Home Finance & Fintech The fintechs using open banking to improve financial wellbeing

The fintechs using open banking to improve financial wellbeing

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For the everyday consumer in the UK and around the world, the cost of living is unignorable.

For some it’s an irritating niggle, and for others, a serious threat to their overall wellbeing. The cost of everyday goods and services have been rising in line with inflation for the past couple of years and although the latest statistics from the ONS show it may be easing, it is still out of control.

The fintech sector could offer some help. Here, we look at some of the companies who are driven to make a genuine difference to their customers’ lives, aided by the increased access to consumer financial and transactional data, otherwise known as Open Banking.

It’s a sticky situation

Concerns about the cost of living have been rising for some years in the wake of multiple world altering events. Latest figures from the ONS reflect an everyday reality for millions of people in the UK. Inflation eased slightly in June 2023 but at 7.3% is still high. During 2022 the price of consumer goods and services rose at the fastest rate in four decades whilst household disposable income fell by 4.3%, the biggest fall in living standards since the 1950s.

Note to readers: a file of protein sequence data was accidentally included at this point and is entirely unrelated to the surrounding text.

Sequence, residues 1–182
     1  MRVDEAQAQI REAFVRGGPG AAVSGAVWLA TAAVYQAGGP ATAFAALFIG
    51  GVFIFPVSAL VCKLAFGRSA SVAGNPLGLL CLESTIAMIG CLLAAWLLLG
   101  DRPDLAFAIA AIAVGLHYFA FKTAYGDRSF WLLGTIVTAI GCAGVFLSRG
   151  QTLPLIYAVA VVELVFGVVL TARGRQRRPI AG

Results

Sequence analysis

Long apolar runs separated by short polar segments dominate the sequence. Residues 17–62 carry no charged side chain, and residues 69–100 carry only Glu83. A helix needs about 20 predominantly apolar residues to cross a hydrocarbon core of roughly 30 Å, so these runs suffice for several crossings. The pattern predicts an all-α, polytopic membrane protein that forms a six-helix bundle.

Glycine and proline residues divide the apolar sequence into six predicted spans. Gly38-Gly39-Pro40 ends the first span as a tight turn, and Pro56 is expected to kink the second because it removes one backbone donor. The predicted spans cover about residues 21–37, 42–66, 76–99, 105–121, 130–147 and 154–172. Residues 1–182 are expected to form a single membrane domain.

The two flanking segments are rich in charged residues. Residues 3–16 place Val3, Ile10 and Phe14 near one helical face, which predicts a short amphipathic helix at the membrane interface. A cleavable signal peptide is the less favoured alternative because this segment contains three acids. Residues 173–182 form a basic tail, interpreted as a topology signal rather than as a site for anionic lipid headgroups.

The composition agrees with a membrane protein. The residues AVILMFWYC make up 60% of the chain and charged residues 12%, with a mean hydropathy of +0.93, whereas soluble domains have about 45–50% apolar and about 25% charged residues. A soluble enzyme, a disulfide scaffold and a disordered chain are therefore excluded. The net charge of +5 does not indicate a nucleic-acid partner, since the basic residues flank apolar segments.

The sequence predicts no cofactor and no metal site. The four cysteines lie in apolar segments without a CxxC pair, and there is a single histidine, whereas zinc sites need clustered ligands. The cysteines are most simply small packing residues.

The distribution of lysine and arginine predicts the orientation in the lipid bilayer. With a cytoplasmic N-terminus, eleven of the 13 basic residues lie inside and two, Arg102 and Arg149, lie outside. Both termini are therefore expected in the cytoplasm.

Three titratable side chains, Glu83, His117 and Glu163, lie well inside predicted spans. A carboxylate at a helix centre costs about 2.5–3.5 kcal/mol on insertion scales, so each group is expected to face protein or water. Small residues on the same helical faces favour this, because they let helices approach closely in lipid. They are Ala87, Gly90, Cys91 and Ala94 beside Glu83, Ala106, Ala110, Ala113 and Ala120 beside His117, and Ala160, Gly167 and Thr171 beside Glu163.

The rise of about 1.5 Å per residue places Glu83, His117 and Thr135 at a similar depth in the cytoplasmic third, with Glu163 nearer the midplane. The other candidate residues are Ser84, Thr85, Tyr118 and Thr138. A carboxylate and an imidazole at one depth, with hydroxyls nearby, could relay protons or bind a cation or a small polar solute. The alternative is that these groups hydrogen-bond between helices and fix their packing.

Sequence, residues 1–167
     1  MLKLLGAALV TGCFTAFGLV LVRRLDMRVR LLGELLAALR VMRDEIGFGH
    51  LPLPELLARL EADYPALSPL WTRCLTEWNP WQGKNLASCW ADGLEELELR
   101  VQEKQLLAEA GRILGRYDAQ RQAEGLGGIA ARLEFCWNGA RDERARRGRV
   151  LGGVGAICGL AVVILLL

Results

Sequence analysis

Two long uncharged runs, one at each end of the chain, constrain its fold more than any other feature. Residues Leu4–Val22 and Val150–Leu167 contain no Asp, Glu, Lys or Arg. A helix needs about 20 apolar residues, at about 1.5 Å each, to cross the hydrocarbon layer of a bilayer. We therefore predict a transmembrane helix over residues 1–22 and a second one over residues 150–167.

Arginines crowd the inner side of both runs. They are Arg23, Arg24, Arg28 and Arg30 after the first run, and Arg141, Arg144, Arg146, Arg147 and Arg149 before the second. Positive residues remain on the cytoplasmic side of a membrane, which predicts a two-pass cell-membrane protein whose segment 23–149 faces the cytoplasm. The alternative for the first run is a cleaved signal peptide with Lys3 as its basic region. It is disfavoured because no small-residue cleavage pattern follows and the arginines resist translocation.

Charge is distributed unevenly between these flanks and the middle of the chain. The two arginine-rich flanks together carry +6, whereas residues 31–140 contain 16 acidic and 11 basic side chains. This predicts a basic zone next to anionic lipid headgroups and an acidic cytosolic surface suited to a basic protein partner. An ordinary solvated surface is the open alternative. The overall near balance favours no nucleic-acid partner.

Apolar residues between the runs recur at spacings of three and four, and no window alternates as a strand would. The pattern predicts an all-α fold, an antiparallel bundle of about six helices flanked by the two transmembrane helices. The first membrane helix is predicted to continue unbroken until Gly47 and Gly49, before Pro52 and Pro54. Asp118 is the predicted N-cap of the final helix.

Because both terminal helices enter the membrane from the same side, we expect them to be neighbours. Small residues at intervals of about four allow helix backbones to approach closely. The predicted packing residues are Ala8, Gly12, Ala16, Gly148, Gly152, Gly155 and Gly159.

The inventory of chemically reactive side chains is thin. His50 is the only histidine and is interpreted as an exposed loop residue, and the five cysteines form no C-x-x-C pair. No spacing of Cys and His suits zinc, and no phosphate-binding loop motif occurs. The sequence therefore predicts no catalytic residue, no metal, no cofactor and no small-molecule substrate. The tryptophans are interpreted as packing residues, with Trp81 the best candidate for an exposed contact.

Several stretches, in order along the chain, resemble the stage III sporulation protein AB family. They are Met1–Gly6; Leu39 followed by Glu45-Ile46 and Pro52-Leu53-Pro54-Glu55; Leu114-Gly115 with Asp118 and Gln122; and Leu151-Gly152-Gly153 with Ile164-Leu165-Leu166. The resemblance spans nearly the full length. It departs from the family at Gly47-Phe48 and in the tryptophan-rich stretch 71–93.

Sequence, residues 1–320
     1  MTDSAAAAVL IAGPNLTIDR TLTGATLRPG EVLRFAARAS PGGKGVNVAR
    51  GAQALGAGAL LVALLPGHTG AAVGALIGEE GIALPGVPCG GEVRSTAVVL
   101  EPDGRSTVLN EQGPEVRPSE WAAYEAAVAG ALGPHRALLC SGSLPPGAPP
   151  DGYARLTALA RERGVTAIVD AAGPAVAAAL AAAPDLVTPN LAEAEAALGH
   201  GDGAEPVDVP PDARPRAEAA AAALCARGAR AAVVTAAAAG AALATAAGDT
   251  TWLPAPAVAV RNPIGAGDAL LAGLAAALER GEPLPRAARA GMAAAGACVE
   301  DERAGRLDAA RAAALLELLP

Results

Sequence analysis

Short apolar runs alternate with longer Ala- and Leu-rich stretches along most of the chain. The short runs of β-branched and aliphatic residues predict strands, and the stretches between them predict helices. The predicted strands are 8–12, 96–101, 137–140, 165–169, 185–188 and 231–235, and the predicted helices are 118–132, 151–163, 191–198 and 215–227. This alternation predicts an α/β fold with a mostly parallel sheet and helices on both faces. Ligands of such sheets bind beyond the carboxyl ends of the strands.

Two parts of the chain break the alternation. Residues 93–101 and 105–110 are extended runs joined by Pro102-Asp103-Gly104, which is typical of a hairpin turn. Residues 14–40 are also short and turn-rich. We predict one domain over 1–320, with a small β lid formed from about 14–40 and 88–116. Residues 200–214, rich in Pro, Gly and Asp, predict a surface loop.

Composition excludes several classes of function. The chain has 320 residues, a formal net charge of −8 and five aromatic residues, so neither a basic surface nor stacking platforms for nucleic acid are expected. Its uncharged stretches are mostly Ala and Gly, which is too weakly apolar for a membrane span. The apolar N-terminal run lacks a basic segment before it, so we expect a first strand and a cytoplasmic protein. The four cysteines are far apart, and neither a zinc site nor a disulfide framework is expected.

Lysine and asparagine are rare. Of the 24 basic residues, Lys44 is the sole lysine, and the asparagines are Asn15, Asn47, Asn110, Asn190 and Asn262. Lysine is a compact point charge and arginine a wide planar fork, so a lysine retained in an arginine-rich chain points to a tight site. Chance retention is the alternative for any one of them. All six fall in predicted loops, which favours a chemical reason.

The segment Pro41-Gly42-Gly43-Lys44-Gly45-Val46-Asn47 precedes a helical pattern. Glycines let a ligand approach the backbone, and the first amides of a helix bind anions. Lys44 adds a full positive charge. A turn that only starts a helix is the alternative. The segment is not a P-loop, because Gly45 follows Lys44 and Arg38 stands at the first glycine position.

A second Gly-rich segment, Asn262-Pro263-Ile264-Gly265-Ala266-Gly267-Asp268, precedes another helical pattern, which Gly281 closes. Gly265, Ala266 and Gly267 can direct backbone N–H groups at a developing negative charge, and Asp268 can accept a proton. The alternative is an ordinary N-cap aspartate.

4 in 10 adults (38%) are finding it very or somewhat difficult to afford to pay their rent or mortgage and 51% of people are using less gas or electricity because of the rising cost.

Statistics show that 60% of adults said their cost of living had risen in the past month and the age group most financially vulnerable was those between 25 and 34. That’s working aged people at the intersection between Gen Z and Millennial. Both are affected by this. The issues carry over to Europe where according to Bunq, 86% of young Europeans cut their spending over the winter.

Not only this but as many as 24 million adults don’t feel confident managing their money and according to a 2021 financial literacy test from Freetrade, the number of Brits who aren’t up to scratch on financial literacy was 88%.

Clearly this suggests people aren’t in the best position to deal with the challenges of the current economic climate and with an education syllabus often criticised for its lack of financial education, the slack needs to be picked up elsewhere.

That’s where fintech can come in.

The disruptors taking on financial wellbeing

Plenty of fintech products and neobanks have recognised the need to assist with financial wellbeing and literacy, with many offering spending trackers and budgeting tools as a value add. But some apps appear to have it as a central focus.